Tips for Making the Best Yorkshire Pudding
Resting your batter (even overnight) is the single most important step when making Yorkshire pudding or popovers. You get an end product that’s taller and much tastier, with a more complex, toasty flavor. It has something to do with the breakdown of proteins and starches during an overnight rest.
Some people suggest that refrigerating the batter gives Yorkshire pudding a better rise.
Another key is a hot oven and the fat smoking in the pan before putting the batter in. Your batter will get more energy from a hot pan right from the start, causing it to rise and puff while it’s still relaxed and stretchable.
Also, if your pan is hot, your batter is less likely to stick, which means less resistance to rising.
As soon as your pudding comes out of the oven, poke the top with a skewer to release the steam. That will help keep the top from falling.
How to Serve Yorkshire Pudding
When serving Yorkshire pudding, the most important thing is this:
Make sure your diners are seated and ready a few minutes before your Yorkshire pudding comes out of the oven.
Yorkshire puddings are light, delicate, and they lose heat fast. Like time and tide, a Yorkshire pudding waits for no one!
You can choose to serve your pudding as a course on its own before the meat lands on the table. Serve it in the form of individual small puddings filled with onion gravy.
Think about topping Yorkshire pudding with a poached egg and some hollandaise sauce for a different breakfast.
Eat leftover Yorkshire pudding cold for dessert! Top with a scoop of ice cream and some crushed Oreos, and drizzle a little chocolate syrup over the top.
What Goes With Yorkshire Pudding?
How Long Will Yorkshire Puddings Keep?
Yorkshire puddings are best eaten straight out of the oven. However, if you have made too many, they will be fine in the fridge for a couple of days if stored in an air-tight container.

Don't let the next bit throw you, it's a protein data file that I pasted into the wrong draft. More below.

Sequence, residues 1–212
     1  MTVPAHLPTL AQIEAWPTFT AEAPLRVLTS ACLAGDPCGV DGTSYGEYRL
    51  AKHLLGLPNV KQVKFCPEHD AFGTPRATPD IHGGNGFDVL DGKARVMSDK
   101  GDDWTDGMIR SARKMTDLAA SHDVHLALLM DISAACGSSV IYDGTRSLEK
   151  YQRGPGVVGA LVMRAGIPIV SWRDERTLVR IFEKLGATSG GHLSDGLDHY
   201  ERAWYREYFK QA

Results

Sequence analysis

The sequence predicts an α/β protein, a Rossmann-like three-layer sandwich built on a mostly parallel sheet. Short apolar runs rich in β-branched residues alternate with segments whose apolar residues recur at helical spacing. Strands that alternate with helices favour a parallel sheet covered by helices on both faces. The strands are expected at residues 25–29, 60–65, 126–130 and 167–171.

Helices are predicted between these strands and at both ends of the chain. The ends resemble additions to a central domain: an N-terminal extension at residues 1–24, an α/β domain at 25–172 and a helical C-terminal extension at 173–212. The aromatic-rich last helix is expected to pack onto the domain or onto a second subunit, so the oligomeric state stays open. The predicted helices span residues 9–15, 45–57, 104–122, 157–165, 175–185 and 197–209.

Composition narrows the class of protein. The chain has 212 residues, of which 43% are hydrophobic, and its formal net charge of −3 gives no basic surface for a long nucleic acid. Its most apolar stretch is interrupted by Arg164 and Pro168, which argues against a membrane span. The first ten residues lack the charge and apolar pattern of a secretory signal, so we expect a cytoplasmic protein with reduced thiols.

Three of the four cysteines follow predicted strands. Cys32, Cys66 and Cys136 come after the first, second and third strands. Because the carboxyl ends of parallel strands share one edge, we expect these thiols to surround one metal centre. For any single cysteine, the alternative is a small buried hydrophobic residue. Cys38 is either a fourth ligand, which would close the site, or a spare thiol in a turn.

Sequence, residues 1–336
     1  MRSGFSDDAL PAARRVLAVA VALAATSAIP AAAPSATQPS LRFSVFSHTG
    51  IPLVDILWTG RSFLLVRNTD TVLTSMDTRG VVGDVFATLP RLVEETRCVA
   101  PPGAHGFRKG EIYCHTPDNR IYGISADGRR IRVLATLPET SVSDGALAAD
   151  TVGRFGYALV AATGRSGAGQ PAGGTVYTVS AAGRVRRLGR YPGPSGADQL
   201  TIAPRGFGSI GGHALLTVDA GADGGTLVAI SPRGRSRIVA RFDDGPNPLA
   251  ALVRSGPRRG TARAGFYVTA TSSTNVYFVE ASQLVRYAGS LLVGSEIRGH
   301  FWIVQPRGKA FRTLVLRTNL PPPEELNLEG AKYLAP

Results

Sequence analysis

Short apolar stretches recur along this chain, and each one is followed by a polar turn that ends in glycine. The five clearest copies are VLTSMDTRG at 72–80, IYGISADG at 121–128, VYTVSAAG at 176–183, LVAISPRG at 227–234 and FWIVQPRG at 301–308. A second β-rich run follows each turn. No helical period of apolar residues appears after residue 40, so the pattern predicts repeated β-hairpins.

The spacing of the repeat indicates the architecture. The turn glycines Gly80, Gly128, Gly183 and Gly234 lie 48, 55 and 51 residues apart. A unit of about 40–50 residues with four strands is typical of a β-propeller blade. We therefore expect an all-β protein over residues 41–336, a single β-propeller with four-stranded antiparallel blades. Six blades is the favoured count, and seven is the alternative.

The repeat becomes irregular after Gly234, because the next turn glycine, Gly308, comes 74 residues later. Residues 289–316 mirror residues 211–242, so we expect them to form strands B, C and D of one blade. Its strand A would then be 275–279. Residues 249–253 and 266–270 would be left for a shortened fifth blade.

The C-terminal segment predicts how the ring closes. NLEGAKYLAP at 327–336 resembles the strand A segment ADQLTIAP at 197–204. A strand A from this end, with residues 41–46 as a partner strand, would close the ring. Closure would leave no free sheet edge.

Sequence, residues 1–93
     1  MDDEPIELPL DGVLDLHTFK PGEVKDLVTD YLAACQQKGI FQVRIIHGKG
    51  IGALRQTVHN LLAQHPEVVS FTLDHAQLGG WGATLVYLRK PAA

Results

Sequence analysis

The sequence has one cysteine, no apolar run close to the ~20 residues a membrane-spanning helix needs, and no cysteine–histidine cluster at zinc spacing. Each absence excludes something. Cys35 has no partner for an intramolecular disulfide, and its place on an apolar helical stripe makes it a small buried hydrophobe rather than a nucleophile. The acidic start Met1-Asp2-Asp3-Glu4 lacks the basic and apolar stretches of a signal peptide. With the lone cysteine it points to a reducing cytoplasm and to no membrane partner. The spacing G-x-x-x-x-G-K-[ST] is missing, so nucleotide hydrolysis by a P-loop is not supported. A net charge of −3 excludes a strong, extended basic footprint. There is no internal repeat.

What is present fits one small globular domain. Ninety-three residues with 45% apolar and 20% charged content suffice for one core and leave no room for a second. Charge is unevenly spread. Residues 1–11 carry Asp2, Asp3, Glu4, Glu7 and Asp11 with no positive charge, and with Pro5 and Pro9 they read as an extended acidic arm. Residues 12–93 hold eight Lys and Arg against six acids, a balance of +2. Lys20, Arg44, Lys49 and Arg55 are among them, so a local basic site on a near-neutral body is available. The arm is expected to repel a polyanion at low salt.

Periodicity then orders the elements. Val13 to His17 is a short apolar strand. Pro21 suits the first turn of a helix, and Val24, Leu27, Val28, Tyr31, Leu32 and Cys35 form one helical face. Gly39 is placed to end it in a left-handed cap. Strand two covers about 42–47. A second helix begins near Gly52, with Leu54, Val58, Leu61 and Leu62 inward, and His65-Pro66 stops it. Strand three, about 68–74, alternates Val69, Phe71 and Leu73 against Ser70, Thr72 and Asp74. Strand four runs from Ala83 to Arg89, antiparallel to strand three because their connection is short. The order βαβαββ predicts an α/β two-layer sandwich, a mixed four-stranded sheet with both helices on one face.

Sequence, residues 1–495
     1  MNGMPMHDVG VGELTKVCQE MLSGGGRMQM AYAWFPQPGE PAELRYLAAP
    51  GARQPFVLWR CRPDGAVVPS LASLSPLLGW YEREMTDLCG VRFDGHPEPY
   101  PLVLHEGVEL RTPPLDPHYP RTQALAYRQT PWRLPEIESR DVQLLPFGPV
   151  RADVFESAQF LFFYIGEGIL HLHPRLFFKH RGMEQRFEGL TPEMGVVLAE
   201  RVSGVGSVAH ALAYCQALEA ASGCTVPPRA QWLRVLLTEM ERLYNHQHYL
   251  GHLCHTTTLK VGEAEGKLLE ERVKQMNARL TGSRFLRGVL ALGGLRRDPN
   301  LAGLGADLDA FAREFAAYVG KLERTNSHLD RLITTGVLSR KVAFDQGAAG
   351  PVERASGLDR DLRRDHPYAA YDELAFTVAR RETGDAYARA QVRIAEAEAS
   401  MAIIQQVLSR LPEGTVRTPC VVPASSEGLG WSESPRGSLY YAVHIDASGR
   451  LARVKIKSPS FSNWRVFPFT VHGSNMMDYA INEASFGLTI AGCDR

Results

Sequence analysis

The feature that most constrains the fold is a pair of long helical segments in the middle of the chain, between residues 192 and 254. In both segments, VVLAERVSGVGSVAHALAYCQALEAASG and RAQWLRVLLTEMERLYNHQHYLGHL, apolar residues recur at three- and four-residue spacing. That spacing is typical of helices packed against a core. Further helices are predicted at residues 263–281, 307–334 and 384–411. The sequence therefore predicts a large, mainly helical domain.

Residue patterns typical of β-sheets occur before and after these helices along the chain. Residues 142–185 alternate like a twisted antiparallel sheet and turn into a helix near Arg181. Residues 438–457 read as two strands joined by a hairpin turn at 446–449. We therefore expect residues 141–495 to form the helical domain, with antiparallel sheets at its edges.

To reheat refrigerated Yorkshire pudding: simply pop them in the oven at 400ºF for a few minutes to warm through. Don’t be tempted to reheat them in the microwave – they’ll get soggy and chewy. Using the oven keeps them crisp.
How to Freeze Yorkshire Puddings
Once they are completely cold, place your puddings in a freezer bag (or several) and seal tightly. Give them plenty of space while they freeze so that they hold their shape.
Avoid pressing other items down on top of them once they are frozen – they will break and chip easily. They’ll be good in the freezer for a couple of months or so.
To reheat frozen Yorkshire pudding: Pop them in a hot oven straight from the freezer for three or four minutes until warmed through. To avoid them coming out a little dry, you may want to spray them with a little vegetable oil first.
Favorite Bread Recipes
Now you know how to make Yorkshire pudding, here are some more bread recipes for you to try:
Popular Christmas Dinner Side Dish Recipes
- Broccoli Rice Casserole
- Crispy Brussel Sprouts
- Green Bean Casserole with Cheese
- Fried Okra
- Grape Salad
- Lyonnaise Potatoes
- Scalloped Corn
- Sweetie Pies Mac and Cheese
- Yukon Gold Mashed Potatoes
- Waldorf Salad
- 1/4 cup beef drippings from a roast
- 2 cups all-purpose flour
- 4 eggs
- 1/4 teaspoon salt
- 2 cups milk
- Preheat the oven to 450°F.
- Pour the beef drippings into an oven-safe pan.
- Place the pan into the oven and allow it to get very hot.
- Combine the remaining ingredients in a bowl with a mixer.
- Pour the batter into the hot pan, and bake for about 20 to 25 minutes.
- Cut into squares, and serve immediately alongside a roast.